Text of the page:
Inadvertent air bag deployment triggers Fiat Chrysler minivan recall

Fiat Chrysler said Thursday that it would recall nearly 300,000 minivans in North America to fix air bags that could inadvertently deploy and have been blamed for at least eight injuries.

The recall affects the 2011 and 2012 model-year Dodge Grand Caravan, with 209,135 vehicles located in the U.S. and 87,703 in Canada.

Fiat Chrysler said the injuries connected to the defect were "minor" and that it had linked no crashes to the issue. The company initially said it had identified 13 injuries connected to the defect, but later said it had new information that reduced that number to eight.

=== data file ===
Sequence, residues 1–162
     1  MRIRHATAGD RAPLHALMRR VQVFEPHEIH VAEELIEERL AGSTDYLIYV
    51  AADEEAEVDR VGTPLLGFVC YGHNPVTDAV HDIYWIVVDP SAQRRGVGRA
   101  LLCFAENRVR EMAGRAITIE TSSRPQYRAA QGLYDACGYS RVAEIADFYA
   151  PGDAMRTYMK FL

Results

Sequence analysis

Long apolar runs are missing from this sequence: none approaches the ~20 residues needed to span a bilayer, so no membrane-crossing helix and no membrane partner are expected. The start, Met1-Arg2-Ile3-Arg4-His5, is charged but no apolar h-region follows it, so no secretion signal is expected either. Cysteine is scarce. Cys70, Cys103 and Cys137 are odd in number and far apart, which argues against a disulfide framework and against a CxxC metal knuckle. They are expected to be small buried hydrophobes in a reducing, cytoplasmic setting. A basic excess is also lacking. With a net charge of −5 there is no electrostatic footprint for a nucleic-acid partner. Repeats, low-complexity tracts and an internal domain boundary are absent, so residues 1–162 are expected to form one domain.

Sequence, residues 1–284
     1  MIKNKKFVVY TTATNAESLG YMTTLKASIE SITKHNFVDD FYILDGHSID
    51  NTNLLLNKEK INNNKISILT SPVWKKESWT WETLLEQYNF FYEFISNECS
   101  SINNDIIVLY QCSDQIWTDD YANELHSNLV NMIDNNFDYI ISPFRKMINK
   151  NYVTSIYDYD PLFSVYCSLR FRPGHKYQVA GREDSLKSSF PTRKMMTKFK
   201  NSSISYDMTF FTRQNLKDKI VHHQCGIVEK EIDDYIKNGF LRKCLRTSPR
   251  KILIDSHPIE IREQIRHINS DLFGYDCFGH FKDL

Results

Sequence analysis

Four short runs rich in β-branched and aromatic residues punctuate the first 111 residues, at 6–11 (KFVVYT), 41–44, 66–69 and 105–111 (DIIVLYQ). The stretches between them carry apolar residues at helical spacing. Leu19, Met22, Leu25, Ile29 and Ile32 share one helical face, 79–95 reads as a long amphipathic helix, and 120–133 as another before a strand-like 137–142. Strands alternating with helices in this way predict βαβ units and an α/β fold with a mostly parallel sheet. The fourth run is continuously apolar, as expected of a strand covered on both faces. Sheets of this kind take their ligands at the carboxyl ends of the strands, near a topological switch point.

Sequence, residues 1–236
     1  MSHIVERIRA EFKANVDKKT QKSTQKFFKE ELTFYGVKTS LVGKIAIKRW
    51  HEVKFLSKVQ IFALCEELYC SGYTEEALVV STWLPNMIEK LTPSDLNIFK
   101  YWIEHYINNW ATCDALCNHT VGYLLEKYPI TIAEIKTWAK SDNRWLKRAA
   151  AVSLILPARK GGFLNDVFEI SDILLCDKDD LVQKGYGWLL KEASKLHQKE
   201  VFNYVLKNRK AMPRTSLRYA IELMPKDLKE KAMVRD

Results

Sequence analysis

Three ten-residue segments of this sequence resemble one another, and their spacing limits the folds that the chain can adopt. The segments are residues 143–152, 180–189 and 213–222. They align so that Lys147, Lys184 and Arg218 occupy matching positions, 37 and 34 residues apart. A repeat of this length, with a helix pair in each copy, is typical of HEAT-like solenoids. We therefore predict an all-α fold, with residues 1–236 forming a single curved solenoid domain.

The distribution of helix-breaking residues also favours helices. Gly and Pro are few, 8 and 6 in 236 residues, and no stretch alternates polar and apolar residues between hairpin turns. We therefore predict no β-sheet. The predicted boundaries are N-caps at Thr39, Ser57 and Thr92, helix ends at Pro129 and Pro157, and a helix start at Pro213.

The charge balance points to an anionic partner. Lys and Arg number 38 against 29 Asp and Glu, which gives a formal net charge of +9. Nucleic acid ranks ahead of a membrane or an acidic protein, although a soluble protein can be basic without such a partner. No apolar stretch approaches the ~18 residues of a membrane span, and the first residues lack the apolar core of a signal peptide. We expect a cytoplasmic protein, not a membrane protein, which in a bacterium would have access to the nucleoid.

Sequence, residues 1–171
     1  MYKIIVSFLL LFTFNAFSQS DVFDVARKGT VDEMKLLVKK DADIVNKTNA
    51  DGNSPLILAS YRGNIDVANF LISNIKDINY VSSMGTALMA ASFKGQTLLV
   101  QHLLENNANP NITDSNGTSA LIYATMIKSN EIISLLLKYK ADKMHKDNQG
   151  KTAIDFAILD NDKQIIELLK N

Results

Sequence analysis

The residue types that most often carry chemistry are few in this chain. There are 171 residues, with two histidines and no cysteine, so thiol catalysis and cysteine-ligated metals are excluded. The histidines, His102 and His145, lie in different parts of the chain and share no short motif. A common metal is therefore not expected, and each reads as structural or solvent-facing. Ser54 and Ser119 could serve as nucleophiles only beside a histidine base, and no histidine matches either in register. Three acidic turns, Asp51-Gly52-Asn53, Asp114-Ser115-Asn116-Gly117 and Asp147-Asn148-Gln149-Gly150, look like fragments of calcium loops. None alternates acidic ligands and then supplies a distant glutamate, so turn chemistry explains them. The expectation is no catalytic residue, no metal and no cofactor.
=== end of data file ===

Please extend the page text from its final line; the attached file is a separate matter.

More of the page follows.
"Wiring may chafe against pieces of steering-wheel trim, potentially causing a short-circuit," Fiat Chrysler said in a statement. "This may lead to a second short-circuit that is potentially capable of producing inadvertent deployment of the driver-side front air bag."

The issue is not connected to the Takata crisis, Fiat Chrysler spokesman Eric Mayne said. The Japanese auto supplier's air bags have exploded and killed more than a dozen people worldwide, triggering the largest recall in U.S. history.

 

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